Electronic Postcards

When I attended my first American Library Association conference in San Francisco in June of 1992, I discovered that the Data Research Associates booth in the exhibit hall had a cluster of terminals set up for people to connect to their home systems and check their e-mail. I composed some messages, describing my experiences and impressions, and sent them off to my friends (at the time, other library school students). By the way, if you knew me back then and didn't get one, please don't be offended — I didn't expect to have that opportunity, and only sent my e-postcards to people's addresses that I could remember off the top of my head.

Since 1993 the Internet Room has been a fixture at ALA conferences to allow people to explore Internet resources and check their e-mail. 1995 brought a relocation of the Internet Room to the middle of the exhibit floor and the establishment of a 24-hour e-mail annex outside of the exhibit hall. In 1997, the annex became the Internet Cafe, with coffee available nearby.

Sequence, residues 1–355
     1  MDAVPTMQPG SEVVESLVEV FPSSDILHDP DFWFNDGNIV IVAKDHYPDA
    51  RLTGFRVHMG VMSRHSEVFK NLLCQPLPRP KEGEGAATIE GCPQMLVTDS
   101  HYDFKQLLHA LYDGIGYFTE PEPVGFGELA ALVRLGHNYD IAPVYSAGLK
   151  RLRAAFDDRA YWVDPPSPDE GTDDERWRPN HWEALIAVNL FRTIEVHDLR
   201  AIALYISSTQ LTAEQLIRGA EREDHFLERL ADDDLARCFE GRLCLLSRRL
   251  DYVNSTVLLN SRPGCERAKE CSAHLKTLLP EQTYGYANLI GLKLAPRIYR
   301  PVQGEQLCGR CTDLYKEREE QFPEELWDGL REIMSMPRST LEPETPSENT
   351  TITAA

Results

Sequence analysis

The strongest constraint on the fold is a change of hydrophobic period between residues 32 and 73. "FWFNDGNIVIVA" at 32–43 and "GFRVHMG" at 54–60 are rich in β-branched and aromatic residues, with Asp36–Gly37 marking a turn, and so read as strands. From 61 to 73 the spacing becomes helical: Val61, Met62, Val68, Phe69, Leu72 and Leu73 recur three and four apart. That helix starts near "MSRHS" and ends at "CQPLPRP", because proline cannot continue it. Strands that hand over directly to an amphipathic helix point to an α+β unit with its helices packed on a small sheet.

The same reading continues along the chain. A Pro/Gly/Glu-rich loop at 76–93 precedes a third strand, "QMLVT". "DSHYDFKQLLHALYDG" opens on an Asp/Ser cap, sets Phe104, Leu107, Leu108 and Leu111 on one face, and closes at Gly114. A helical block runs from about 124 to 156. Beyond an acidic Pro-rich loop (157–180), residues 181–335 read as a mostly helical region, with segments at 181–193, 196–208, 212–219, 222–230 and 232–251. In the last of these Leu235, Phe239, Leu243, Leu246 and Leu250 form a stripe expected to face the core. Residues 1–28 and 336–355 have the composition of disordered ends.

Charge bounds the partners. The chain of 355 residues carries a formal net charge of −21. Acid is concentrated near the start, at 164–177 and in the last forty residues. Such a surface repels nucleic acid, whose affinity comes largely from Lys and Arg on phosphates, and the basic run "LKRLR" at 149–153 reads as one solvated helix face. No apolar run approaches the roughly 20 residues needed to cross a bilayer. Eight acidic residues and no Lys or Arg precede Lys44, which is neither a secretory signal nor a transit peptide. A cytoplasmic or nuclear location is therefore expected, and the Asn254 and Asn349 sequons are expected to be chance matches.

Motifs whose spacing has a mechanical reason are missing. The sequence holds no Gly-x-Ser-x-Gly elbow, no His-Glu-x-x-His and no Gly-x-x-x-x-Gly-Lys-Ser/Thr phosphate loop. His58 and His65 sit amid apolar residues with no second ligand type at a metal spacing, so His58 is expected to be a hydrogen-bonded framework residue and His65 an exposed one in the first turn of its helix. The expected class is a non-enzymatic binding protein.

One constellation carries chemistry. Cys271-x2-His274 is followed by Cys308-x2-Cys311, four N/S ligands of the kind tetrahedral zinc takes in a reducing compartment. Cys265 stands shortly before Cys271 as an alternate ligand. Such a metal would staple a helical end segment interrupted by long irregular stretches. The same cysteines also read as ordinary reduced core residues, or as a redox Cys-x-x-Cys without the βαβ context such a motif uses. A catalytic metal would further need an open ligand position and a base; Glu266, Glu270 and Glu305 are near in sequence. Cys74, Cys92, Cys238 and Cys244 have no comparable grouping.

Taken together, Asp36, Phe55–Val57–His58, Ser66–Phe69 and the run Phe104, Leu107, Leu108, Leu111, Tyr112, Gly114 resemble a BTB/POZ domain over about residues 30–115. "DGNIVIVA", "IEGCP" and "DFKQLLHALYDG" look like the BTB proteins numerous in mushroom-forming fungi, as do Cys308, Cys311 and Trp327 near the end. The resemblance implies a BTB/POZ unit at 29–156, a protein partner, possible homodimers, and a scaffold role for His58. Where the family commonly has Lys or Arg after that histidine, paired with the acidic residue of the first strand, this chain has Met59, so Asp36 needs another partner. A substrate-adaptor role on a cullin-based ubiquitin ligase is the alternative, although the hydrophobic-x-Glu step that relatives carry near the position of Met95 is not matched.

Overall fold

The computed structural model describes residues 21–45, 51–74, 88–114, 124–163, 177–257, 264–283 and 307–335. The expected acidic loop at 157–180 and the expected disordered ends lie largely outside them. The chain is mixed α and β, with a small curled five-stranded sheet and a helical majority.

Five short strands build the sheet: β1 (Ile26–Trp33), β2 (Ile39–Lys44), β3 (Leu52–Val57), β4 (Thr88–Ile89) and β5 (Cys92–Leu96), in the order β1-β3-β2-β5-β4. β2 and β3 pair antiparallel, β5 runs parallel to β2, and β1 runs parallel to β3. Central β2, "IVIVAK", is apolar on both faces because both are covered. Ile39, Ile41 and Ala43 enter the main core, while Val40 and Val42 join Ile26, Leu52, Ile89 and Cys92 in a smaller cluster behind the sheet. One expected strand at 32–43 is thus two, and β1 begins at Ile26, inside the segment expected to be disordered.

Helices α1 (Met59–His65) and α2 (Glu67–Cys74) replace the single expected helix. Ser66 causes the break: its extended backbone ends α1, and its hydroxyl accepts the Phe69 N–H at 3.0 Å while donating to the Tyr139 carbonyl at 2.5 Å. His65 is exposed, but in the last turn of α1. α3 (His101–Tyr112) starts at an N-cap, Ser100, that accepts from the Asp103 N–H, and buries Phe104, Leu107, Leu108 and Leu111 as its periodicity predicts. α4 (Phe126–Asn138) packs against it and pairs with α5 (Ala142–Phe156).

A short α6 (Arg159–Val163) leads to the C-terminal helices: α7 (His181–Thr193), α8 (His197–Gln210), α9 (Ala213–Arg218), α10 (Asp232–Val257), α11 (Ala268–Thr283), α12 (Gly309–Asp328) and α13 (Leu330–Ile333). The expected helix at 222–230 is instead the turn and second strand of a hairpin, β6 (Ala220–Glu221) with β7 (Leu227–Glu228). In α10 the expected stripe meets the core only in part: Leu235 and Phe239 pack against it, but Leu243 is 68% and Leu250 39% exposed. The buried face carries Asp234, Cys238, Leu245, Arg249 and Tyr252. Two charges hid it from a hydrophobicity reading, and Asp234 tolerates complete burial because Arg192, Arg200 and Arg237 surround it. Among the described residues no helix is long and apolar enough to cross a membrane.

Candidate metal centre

I stopped writing my e-postcards after the 1997 conference. It took a lot of time to write them. My 1998 trip to Washington D.C. was particularly busy, with visits to friends and lots of sightseeing. And by then, the novelty of being a new librarian at the big national professional conference had worn off.

1992 Annual Conference — San Francisco:

1993 Annual Conference — New Orleans:

1994 Midwinter Meeting — Post-earthquake Los Angeles in February:

1995 Annual Conference — Chicago:

1997 Annual Conference — San Francisco:

And why, you may ask, have I chosen to display these messages in bright green monospaced text on a black background? Because in the 1990's, that's what e-mail looked like.